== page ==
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ORIGINAL ARTICLE
Year : 2016  |  Volume : 43  |  Issue : 3  |  Page : 108-116

Musculoskeletal ultrasonographic evaluation of lower limb enthesopathy in ankylosing spondylitis and Behçet’s disease: Relation to clinical status and disease activity


Department of Rheumatology and Rehabilitation, Physical Medicine, Faculty of Medicine, Benha University, Egypt

Correspondence Address:
E A Baraka
Department of Rheumatology and Rehabilitation, Faculty of Medicine, Benha University, Al Qalyubia, Egypt, PO 13518
Egypt
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Source of Support: None, Conflict of Interest: None


DOI: 10.4103/1110-161X.189828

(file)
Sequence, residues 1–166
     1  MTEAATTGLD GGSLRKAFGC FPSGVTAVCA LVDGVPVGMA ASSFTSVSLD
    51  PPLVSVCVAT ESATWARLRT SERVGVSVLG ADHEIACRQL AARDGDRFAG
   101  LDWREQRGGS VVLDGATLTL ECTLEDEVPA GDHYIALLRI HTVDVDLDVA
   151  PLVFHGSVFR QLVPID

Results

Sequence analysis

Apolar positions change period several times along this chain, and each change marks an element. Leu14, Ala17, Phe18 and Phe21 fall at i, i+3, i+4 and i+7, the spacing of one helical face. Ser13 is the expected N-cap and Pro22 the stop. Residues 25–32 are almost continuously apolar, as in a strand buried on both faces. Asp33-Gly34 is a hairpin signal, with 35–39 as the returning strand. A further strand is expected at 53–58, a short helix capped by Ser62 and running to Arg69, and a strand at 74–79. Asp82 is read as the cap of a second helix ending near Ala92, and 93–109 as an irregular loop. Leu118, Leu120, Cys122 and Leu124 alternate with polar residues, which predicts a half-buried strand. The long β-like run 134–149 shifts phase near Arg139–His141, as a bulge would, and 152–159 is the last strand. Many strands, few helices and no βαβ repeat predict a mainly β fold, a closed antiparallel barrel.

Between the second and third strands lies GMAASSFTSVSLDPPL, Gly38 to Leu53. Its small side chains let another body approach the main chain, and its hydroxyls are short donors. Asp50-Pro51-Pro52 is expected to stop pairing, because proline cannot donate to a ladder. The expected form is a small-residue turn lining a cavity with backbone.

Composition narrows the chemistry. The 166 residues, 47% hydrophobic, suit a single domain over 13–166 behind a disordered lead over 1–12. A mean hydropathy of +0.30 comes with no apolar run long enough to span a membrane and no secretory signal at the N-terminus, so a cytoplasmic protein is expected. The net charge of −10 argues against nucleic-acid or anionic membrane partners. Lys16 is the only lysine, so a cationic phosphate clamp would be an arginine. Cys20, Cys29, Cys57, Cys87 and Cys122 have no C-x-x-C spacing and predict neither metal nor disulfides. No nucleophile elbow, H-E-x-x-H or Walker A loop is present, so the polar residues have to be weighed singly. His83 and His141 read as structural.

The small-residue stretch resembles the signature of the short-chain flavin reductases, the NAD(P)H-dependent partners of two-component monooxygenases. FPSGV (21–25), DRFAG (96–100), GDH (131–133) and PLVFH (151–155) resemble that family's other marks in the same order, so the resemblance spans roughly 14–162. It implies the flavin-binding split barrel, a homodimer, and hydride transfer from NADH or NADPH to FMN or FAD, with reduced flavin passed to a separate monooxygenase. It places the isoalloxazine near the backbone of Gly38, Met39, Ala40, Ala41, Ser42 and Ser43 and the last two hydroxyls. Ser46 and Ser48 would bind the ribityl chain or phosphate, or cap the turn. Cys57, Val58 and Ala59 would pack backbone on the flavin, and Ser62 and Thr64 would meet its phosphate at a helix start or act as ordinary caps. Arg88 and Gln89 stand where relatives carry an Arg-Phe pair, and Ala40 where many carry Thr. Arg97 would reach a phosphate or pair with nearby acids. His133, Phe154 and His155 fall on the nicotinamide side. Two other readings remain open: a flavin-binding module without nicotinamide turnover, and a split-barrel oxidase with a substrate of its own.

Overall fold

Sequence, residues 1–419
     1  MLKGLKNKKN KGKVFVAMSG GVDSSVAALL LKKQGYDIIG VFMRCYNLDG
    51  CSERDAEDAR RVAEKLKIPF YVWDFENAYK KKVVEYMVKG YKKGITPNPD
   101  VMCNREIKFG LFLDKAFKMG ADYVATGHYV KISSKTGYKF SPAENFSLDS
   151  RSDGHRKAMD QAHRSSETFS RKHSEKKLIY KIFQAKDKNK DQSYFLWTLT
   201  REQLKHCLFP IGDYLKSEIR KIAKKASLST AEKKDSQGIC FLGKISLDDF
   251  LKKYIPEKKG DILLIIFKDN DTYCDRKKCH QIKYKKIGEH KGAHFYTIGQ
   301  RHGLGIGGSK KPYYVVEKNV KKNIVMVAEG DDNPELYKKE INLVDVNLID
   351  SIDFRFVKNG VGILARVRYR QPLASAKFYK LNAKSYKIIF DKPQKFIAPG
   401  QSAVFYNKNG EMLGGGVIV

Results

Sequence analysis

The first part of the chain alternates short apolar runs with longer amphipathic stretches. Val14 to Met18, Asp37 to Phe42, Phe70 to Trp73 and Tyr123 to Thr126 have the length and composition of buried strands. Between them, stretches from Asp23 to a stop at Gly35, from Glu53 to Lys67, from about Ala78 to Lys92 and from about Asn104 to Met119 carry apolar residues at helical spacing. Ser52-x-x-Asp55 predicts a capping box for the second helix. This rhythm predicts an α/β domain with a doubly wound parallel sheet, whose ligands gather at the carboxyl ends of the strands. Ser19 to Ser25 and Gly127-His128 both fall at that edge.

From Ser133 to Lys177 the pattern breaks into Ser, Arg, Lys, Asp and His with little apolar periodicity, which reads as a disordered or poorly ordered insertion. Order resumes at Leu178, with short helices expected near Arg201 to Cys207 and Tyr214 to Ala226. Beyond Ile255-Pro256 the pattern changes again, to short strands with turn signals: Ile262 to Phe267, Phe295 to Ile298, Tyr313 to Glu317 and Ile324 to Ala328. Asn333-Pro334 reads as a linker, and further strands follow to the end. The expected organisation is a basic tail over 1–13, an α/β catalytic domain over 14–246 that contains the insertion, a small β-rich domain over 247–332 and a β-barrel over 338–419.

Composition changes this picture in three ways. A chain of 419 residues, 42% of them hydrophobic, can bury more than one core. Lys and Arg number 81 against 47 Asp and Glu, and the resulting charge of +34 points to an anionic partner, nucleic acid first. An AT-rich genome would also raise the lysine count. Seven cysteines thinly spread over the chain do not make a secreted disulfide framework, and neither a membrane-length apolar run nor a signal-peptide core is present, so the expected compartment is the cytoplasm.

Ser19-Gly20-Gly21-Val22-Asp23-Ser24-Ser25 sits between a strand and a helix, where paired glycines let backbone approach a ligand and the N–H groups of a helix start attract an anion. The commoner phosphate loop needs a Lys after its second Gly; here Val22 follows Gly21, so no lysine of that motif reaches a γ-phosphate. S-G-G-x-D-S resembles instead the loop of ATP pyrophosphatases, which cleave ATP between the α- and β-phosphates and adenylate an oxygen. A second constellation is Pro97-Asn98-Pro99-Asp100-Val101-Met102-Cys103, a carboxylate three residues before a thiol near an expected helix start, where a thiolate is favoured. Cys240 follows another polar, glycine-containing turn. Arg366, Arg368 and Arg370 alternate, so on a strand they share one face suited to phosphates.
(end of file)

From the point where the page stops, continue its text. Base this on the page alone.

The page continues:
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Aim of the work Using clinical and musculoskeletal ultrasonographic (MSUS) examination, we aimed to compare the frequency, pattern, and main sites of peripheral enthesopathies in the lower limbs of ankylosing spondylitis (AS) and Behçet’s disease (BD) patients, and to evaluate their relation with different clinical, laboratory, and functional parameters of both diseases. Patients and methods Fifteen AS patients (group I) and 22 BD patients (group II) were examined clinically and by carrying out MSUS for enthesopathy at five entheseal sites of the lower limbs. A control group of 20 apparently healthy male volunteers was also included. An enthesopathy score was calculated for each patient according to the Glasgow ultrasound enthesitis scoring system (GUESS). Disease activity was assessed using the Bath Ankylosing Spondylitis Disease Activity Index and the Behçet’s disease current activity form in both groups, respectively. Results The GUESS score was significantly higher (P < 0.05) in group I than in group II (7.27 ± 3.88 vs. 4.68 ± 3.67). In the two patients’ groups, tendon thickening was the most frequent finding detected. Bone erosions and enthesophytes were significantly (P < 0.05) more frequent in group I than in group II. The most commonly affected entheseal sites were the distal Achilles tendon, followed by the proximal plantar fascia. In group I, the GUESS scores significantly correlated with the fatigue scores (P < 0.05), peripheral joint pain scores (P < 0.05), and Bath Ankylosing Spondylitis Functional Index scores (P < 0.05), whereas it showed insignificant correlations with patients’ ages (P > 0.05), disease duration (P > 0.05), spinal pain scores (P > 0.05), local tenderness scores (P > 0.05), morning stiffness score (P > 0.05), total Bath Ankylosing Spondylitis Disease Activity Index (P > 0.05), Bath AS metrology indices (P > 0.05), AS quality of life scores (P > 0.05), radiographic scores (P > 0.05), erythrocyte sedimentation rate (P > 0.05), and C-reactive protein levels (P > 0.05). In group II, the mean GUESS score was significantly higher (P < 0.05) for BD patients with arthritis than for BD patients without arthritis, but it showed insignificant correlation (P > 0.05) with disease activity. Conclusion Ultrasonographic changes at the entheseal sites of the lower limbs are prevalent in both AS and BD. These changes are more frequently related to functional and articular involvement. MSUS is more sensitive than clinical examination in detecting enthesopathies of the lower limbs in both AS and BD patients.


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